Wall Street Feminism
Liza Featherstone (ed.), False Choices: The Faux Feminism of Hillary Rodham Clinton
Verso, 192pp, £9.99, ISBN 9781784784614
reviewed by Claire Potter
The 14 women and one man who contributed to False Choices, a collection of essays edited by New York-based journalist Liza Featherstone, are among the feminists who say no. Six months ago, in ‘Why This Socialist Feminist Is Not Voting for Hillary’ (The Nation, January 5 2016), Featherstone, a socialist feminist, pointed out that a Hillary Clinton presidency might be ‘uplifting’ for girls, but will do little to interrupt the contraction of resources and opportunities for most Americans. In False Choices, film scholar Catherine Liu argues that this uplift also serves elite interests. ‘The narrative of Hillary’s ascension to the presidency – America is always getting more progressive, we just had a black president and now we are getting a woman’ is comforting. ‘But such stories not only mask the reality of neoliberalism, they sustain it.’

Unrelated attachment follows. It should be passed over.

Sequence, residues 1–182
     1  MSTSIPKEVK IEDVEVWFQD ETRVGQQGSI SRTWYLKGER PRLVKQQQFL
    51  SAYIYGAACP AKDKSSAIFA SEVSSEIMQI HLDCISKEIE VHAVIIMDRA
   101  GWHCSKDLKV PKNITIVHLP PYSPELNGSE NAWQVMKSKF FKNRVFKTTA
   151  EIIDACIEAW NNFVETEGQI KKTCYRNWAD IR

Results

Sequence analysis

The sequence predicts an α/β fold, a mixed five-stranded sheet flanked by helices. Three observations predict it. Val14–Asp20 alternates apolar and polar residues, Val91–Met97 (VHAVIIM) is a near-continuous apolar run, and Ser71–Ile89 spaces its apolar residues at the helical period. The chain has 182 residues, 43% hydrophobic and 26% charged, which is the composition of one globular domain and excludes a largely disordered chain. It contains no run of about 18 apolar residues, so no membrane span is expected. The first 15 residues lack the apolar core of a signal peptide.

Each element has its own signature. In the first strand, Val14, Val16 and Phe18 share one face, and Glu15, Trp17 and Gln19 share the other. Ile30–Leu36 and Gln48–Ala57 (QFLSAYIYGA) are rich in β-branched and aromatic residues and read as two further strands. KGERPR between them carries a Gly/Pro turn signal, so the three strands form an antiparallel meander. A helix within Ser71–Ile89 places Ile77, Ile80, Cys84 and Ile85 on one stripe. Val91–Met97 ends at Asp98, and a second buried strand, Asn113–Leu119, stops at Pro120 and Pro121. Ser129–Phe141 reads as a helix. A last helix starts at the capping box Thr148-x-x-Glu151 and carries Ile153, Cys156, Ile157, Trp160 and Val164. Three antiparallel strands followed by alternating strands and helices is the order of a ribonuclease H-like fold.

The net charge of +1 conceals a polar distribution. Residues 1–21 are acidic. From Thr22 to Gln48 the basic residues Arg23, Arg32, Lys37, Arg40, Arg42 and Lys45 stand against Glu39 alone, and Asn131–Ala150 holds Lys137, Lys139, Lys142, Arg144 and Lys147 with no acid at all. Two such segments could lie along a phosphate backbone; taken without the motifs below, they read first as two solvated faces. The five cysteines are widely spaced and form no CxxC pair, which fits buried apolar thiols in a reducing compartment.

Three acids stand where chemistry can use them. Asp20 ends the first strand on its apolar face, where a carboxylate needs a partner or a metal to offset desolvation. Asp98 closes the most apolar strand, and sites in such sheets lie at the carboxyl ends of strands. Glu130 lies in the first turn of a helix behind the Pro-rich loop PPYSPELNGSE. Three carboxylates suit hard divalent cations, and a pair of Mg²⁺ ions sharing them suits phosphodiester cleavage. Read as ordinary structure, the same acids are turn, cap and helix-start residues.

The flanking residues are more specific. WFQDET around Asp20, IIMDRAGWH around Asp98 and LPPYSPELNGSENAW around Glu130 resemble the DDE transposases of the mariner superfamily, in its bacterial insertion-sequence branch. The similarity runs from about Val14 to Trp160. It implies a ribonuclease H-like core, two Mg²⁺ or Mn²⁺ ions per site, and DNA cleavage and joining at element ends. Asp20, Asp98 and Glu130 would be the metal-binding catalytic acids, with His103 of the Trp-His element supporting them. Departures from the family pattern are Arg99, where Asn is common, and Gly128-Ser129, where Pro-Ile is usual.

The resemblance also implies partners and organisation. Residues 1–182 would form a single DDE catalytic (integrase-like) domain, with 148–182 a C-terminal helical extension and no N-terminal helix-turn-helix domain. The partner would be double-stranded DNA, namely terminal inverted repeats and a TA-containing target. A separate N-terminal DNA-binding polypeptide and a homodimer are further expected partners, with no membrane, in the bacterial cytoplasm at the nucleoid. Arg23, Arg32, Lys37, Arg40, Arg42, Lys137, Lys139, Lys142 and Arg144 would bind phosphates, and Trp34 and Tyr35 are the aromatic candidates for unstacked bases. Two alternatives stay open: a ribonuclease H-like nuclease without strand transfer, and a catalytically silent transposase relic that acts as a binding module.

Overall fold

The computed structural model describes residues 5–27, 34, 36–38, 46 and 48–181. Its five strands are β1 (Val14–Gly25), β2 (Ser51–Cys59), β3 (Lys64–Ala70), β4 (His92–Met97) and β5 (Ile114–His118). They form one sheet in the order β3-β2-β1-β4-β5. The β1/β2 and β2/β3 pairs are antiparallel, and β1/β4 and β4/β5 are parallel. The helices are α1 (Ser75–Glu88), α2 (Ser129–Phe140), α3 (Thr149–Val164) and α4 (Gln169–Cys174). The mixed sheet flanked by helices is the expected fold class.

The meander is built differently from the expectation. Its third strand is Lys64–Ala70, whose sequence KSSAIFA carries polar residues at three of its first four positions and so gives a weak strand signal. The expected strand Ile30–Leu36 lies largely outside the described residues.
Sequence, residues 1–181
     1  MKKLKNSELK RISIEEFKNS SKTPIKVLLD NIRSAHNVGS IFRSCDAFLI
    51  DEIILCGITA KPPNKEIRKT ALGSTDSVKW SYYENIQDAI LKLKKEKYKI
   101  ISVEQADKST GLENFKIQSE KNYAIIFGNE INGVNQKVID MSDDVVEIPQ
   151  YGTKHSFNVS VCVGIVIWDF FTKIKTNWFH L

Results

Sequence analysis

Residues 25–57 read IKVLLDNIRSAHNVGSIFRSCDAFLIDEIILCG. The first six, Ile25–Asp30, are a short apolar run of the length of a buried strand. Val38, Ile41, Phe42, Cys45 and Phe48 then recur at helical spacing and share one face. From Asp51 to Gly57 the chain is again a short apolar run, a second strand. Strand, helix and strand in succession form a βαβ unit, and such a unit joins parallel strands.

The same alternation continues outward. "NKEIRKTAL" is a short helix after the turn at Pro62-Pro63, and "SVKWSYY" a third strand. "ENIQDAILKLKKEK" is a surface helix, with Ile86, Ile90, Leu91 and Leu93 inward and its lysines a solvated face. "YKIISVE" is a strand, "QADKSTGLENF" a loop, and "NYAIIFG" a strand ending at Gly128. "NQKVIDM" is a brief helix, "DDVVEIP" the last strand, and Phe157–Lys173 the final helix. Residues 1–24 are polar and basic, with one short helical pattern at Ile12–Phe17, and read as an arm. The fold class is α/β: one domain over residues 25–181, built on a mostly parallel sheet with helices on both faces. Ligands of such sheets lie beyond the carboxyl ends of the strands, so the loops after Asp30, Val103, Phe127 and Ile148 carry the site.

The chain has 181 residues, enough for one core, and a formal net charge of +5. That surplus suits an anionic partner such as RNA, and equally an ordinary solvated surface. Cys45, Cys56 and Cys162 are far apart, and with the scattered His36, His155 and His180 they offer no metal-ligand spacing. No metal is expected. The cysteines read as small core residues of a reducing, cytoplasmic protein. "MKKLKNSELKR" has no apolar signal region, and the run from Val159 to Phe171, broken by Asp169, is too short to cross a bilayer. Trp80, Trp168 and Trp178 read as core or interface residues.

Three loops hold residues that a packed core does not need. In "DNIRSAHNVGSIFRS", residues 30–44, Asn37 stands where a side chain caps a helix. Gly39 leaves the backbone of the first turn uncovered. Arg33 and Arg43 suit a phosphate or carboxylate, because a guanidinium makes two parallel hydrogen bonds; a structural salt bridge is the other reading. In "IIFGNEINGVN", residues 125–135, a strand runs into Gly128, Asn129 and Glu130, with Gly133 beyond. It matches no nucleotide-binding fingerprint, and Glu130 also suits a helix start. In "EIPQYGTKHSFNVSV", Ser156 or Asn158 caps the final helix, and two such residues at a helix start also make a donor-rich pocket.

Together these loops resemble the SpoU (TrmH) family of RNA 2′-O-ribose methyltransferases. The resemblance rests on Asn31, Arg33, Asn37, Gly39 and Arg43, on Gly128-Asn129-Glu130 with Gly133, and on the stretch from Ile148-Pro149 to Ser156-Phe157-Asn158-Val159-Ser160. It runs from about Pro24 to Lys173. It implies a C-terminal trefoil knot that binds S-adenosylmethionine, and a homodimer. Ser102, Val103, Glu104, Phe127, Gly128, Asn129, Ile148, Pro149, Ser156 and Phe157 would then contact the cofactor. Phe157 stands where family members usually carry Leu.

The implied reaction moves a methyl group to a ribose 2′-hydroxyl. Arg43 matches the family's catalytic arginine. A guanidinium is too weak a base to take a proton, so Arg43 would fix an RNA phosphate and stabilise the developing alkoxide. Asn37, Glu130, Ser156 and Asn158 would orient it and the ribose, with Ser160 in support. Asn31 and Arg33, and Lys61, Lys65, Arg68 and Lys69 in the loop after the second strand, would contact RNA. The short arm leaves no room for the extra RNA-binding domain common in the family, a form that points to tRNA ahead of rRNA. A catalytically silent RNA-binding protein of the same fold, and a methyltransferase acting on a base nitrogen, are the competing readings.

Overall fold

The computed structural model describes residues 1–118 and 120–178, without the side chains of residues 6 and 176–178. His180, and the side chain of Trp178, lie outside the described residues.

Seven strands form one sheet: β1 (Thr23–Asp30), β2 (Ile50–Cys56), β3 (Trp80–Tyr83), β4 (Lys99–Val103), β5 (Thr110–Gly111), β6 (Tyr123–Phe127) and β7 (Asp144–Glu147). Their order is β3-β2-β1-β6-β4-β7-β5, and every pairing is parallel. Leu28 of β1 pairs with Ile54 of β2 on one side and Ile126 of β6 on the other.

False Choices asks whether the decision Americans were offered – between a feminist and a socialist, between the first woman and a man (who arguably would have been the first Jew to be a major party nominee) – were the only options. More interestingly, it offers insights into what kind of feminism Clinton’s policy history represents. The policies that she helped to establish as First Lady marked a turn to austerity, an intensification of mass incarceration, privatisation of education, mismanagement of the campaign for national healthcare, and the signing of two bills that intensified federal homophobia. Clinton supporters have three ways of responding to this conversation: the Clintons had to compromise with the GOP; she wasn’t the policy maker – Bill was; and DONALD TRUMP, OH MY GOD!